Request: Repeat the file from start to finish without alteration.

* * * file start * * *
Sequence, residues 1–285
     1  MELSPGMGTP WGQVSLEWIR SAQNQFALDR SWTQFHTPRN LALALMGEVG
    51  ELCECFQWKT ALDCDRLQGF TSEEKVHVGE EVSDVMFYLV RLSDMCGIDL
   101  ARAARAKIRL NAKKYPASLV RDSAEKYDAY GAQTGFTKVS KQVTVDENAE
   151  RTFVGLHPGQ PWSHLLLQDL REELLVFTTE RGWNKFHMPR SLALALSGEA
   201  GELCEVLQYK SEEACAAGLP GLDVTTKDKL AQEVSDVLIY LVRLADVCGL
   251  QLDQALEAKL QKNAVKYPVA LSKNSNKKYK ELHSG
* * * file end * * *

Sequence, residues 1–285
     1  MELSPGMGTP WGQVSLEWIR SAQNQFALDR SWTQFHTPRN LALALMGEVG
    51  ELCECFQWKT ALDCDRLQGF TSEEKVHVGE EVSDVMFYLV RLSDMCGIDL
   101  ARAARAKIRL NAKKYPASLV RDSAEKYDAY GAQTGFTKVS KQVTVDENAE
   151  RTFVGLHPGQ PWSHLLLQDL REELLVFTTE RGWNKFHMPR SLALALSGEA
   201  GELCEVLQYK SEEACAAGLP GLDVTTKDKL AQEVSDVLIY LVRLADVCGL
   251  QLDQALEAKL QKNAVKYPVA LSKNSNKKYK ELHSG